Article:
In accordance with the Board’s direction, yesterday Executive Director Adam Blistein submitted the filings necessary for the legal change of the Association’s name to Society for Classical Studies. We are, of course, announcing the advent of this transition first to the membership; but will also distribute a press release to relevant organizations, publications, and individuals within and outside the field of Classical Studies. We expect to receive confirmation of the name change from the State of Delaware (where we are incorporated) in about a week, and the new name will gradually appear in stationery and our credit card and checking accounts over the coming month.
Welcome to the Society for Classical Studies
Founded as the American Philological Association in 1869 by "professors, friends, and patrons of linguistic science," the SCS is the principal learned society in North America for the study of ancient Greek and Roman languages, literatures, and civilizations. While the majority of its members are university and college Classics teachers, members also include scholars in other disciplines, primary and secondary school teachers, and interested lay people.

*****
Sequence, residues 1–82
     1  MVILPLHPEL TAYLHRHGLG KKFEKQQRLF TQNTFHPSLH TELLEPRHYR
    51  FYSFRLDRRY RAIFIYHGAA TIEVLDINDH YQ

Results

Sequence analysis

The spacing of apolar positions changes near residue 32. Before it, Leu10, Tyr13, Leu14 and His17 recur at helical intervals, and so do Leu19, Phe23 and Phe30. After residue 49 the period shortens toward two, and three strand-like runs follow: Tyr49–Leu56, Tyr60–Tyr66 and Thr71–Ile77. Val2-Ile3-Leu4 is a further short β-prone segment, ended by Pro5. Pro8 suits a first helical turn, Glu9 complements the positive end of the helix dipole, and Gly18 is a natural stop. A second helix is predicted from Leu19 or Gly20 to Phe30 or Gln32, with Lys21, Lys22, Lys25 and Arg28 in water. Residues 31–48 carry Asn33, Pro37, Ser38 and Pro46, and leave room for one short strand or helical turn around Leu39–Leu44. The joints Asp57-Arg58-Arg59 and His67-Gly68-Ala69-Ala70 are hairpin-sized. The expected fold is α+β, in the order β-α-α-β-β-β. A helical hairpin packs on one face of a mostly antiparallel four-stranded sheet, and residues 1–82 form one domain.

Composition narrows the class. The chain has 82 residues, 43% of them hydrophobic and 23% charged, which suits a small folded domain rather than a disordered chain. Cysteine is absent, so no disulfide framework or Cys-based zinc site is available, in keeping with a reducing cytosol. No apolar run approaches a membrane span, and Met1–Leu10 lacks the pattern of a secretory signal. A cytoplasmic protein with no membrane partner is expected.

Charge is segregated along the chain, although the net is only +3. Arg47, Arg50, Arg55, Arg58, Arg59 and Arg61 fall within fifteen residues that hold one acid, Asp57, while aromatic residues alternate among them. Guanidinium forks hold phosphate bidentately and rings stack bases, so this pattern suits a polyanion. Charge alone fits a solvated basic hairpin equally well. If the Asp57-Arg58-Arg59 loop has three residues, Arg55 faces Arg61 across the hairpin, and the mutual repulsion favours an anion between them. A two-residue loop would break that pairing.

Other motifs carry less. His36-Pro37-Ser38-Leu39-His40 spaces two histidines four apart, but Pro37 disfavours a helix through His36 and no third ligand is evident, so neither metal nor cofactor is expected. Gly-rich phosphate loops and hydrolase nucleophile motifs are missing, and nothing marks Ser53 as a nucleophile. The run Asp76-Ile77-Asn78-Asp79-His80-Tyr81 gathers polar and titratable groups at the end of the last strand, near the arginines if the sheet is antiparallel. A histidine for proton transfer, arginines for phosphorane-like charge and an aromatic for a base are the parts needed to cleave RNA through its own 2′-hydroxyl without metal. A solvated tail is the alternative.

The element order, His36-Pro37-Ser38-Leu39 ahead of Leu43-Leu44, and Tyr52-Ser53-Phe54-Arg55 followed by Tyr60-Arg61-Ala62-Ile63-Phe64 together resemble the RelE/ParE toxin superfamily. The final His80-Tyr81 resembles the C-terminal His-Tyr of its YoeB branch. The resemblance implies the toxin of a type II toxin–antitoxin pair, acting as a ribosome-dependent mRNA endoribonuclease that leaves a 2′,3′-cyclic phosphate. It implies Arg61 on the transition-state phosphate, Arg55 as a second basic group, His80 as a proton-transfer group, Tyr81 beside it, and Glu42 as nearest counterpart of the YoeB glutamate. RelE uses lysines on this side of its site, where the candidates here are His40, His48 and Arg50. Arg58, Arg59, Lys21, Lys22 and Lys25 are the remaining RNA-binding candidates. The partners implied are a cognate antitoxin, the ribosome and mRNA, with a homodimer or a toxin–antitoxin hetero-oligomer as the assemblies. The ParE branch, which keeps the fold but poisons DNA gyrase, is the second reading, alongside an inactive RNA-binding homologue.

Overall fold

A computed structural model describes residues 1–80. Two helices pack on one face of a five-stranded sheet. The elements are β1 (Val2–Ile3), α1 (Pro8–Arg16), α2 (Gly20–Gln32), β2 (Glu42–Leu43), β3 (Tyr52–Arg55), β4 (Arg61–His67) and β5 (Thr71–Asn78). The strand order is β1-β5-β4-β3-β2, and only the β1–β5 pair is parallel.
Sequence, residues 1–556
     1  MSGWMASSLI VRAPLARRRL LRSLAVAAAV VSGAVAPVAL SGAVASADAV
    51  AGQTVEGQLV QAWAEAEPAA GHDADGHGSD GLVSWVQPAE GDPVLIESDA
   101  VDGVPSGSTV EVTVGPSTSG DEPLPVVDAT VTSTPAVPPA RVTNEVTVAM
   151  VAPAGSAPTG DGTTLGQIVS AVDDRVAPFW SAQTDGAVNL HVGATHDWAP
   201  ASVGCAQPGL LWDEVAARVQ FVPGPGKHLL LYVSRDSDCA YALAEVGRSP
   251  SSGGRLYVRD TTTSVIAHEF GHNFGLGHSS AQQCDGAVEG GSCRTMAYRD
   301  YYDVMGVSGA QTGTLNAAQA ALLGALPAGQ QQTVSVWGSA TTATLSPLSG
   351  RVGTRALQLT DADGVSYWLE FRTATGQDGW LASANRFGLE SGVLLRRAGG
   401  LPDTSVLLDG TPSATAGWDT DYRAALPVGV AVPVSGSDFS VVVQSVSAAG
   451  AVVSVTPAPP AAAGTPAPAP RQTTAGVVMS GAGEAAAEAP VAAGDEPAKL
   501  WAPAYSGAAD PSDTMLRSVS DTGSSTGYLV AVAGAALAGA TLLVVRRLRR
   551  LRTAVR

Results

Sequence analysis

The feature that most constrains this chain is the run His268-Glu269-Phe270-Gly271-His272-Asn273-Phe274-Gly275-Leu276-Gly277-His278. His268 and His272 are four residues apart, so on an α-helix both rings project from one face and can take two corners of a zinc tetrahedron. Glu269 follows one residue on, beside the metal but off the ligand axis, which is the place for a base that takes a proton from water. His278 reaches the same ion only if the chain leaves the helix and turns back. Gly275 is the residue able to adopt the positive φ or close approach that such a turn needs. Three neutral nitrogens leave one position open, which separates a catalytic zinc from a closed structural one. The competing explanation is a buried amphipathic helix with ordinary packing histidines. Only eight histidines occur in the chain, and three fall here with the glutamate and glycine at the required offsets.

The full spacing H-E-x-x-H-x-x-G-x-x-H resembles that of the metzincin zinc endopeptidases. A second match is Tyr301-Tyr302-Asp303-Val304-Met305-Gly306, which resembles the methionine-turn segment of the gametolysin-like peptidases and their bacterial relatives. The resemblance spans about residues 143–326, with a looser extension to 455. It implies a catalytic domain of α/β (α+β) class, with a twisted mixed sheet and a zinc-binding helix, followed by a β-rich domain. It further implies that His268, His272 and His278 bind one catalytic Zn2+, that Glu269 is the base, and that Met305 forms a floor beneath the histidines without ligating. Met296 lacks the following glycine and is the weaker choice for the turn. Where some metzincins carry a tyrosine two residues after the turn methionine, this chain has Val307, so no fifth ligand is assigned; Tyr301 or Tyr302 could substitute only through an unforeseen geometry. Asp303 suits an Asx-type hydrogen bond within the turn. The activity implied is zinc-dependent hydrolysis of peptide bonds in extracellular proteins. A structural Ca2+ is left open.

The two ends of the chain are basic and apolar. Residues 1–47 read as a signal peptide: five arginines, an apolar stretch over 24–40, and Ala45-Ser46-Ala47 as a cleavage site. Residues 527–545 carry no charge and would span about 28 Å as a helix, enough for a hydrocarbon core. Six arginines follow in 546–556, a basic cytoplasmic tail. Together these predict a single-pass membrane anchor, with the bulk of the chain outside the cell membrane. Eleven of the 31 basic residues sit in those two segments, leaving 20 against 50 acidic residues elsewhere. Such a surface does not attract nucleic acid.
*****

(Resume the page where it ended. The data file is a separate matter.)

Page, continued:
Follow the APA Blog to stay up to date with announcements, calls for papers, and other news. Here are the latest announcements from the APA:
Letter from the President
146th Annual Meeting
January 8-11, 2015, New Orleans, LA
Program Information (updated August 18, 2014)
See the Preliminary Program for the New Orleans Meeting here. The SCS and AIA Program Committees have synchronized session times for the meeting. AIA will not have a session on Sunday afternoon, January 11. Otherwise its sessions will take place at the times shown in the SCS Preliminary Program. General information about the types of submissions regularly considered by the SCS Program Committee and eligibility requirements appears here.